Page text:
UPDATED: Nelson nurse killed in crash

A longtime Nelson maternity nurse who died in a crash last week is being remembered for her magic touch with new mothers and infants.


A longtime Nelson maternity nurse who died in a crash on Highway 3A last week is being remembered for her magic touch with new mothers and infants.

Gwen Elizabeth Kalyniuk, 56, was the lone occupant of a southbound SUV that crossed the centre line at Thrums and collided head-on with a chip truck.

“Gwen was one of those very quiet, unsung heroes of this community and probably did more for mothers and babies than anyone else,” says Judy Banfield, who knew her well. “She had this real knack for engaging people to work with her and help her set up programs that worked for people.”

Kalyniuk came to Nelson in 1975 to do a summer practicum at Kootenay Lake hospital and enjoyed it so much that she returned the following year with fellow McMaster University nursing student Margot Zimmer.

Upon randomly being assigned to room together at school, they forged an instant bond — initially over the fact Kalyniuk and Zimmer’s mother were from the same small Ontario town — that lasted decades.

“It was an instant connection of soulmates,” Zimmer says.

After completing their degrees, they moved permanently to Nelson and continued to live together while working in the local maternity ward. In the 1980s, they jointly taught pre-natal classes and co-founded Life After Birth, a support group for new mothers that continues to this day.

“It was a wonderful program,” Zimmer says. “We strongly believed every post-partum mother needed support, and didn’t need to be labelled as having depression in order to get it. It removed any stigma.”

It was also virtually unprecedented. Banfield calls it “extraordinarily innovative.”

“It was, I think, the best anyone has done in North America,” she says. “Every mother and baby in this community got phenomenal support from that program.”

Kalyniuk further helped implement pregnancy outreach and early discharge programs, and was one of the first internationally certified lactation consultants.

Banfield — who later received the same certification — says Kalyniuk received the second highest mark in the world on her exam, but didn’t brag about it.

The two got to know each other when Banfield wanted to start a local chapter of the La Leche League, an international breastfeeding support group.

“She put her energy into finding a group of moms to help set this group up,” Banfield says. “She just made things happen.”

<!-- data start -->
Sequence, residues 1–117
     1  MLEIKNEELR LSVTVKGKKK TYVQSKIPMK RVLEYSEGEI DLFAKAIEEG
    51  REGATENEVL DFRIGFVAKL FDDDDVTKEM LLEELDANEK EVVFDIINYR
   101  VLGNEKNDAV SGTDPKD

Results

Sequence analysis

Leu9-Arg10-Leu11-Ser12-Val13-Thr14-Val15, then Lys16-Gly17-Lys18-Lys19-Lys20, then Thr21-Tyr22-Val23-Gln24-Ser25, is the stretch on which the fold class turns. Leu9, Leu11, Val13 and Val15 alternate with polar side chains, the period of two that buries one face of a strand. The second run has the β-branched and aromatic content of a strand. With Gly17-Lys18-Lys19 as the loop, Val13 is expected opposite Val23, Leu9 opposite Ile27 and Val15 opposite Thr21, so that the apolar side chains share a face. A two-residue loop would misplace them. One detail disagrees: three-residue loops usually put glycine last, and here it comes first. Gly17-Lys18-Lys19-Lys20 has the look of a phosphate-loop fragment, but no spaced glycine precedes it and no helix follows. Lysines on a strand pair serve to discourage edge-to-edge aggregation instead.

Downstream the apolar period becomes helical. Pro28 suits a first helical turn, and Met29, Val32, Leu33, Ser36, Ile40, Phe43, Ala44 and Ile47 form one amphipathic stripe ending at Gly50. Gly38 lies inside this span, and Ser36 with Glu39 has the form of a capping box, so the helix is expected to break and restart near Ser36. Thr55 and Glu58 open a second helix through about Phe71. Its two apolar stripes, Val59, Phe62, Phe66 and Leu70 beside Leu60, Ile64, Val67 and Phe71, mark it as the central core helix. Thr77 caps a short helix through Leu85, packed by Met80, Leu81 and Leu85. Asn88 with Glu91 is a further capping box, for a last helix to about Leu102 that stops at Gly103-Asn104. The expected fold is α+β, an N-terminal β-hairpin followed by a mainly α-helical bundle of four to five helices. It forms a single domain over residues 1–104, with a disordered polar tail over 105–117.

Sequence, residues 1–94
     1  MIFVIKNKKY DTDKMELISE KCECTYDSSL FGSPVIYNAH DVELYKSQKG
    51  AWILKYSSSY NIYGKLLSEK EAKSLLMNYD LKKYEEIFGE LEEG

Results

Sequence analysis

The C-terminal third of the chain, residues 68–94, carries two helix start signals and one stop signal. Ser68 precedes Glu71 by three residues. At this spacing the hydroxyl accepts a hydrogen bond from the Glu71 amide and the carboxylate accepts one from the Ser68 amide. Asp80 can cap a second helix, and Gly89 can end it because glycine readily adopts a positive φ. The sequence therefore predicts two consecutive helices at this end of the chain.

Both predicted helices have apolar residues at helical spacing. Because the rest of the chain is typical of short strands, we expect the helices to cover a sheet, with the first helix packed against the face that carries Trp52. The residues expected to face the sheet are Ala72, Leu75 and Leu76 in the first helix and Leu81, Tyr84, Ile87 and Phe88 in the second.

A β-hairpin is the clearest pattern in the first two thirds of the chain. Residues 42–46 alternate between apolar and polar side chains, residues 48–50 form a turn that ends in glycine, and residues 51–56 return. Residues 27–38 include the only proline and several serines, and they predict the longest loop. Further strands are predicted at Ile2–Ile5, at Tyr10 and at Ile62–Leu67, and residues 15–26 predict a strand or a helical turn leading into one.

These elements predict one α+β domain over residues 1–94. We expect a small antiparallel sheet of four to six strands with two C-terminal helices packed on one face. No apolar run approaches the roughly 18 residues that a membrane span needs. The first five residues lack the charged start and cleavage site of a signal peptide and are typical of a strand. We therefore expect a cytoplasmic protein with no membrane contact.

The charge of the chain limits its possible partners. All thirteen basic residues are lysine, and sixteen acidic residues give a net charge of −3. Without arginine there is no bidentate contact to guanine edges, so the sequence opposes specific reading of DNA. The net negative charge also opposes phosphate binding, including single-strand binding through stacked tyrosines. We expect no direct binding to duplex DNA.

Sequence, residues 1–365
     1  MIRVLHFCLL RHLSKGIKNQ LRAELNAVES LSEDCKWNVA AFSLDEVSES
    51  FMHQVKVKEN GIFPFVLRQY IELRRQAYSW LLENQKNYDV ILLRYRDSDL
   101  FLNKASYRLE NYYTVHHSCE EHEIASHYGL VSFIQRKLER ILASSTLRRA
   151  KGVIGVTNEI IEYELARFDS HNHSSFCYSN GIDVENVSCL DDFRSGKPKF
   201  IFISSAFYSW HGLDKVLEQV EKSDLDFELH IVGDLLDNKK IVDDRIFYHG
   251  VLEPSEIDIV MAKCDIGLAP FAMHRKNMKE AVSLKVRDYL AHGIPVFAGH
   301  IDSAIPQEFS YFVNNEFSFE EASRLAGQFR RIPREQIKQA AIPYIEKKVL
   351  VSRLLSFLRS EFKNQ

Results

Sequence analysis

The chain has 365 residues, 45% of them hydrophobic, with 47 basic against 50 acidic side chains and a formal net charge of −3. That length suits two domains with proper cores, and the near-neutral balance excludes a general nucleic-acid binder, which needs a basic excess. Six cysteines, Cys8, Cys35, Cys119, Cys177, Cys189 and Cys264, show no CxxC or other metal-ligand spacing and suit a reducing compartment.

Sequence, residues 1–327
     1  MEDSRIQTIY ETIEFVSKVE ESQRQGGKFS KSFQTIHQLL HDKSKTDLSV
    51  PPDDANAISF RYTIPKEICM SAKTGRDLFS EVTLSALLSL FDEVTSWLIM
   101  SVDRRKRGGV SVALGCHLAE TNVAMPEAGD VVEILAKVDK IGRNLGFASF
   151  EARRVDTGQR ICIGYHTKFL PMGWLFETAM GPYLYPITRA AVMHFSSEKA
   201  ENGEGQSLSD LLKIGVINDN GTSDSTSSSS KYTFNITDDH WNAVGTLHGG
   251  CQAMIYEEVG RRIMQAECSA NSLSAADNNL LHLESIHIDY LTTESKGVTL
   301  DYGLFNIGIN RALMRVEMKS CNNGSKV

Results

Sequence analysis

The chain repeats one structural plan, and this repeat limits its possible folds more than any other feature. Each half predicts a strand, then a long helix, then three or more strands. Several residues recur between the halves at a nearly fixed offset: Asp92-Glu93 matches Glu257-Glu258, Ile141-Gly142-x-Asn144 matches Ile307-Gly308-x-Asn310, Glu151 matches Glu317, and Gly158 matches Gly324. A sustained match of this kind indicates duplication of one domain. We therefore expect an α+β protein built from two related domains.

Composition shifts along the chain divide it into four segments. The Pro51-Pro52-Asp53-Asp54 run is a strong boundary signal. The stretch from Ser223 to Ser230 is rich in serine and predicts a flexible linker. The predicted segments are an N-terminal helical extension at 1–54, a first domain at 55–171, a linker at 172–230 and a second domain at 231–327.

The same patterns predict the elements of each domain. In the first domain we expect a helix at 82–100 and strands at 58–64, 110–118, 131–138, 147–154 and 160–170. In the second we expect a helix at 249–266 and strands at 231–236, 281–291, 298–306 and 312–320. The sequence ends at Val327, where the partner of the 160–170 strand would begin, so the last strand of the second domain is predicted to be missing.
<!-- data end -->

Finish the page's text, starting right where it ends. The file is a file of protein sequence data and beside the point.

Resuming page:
That was typical of Kalyniuk’s ability to get things done, she adds — without stepping on toes.

“There was never a turf issue with her. She had this beautiful, soft way of working with people and bringing them together. She was just one of those angels in the community who was very self-effacing yet accomplished a phenomenal amount.”

Zimmer agrees: “Gwen was a rare gem. She was brilliant but completely unassuming. She single-handidly made a huge difference in hundreds of women’s lives.”

Current Kootenay Lake hospital maternity nurse Colleen Driscoll says Kalyniuk had a gift for putting new mothers at ease.

“Nurses too. Sometimes I’d be stumped. We’d have a difficult child that wasn’t going to open its mouth or even think about nursing, and Gwen would have the tricks. She was amazing.”

Within the last year, Kalyniuk became the regional lactation consultant, which saw her maintain an office in Trail and also work in Nelson and Castlegar.

She is survived by a son and daughter in their early 20s who live locally, as well as two brothers and two sisters in Ontario. She also fostered a foster parent and a director for the Kootenay Animal Assistance Program.

The crash that claimed her life occurred shortly before 8:30 a.m. Thursday in the 1600 block of Highway 3A.

The highway was closed entirely for about 2 1/2 hours and later opened to one-way traffic.

The semi-truck driver was shaken up but uninjured.

Sgt. Derek Donovan of West Kootenay Traffic Services says wet roads contributed to the crash.

“There was snow and slush on the road and witnesses say [Kalyniuk] lost control,” he explains. “Definitely the weather and roads were a factor.”

He adds there is some indication the semi driver tried to swerve to avoid the collision, but to no avail.

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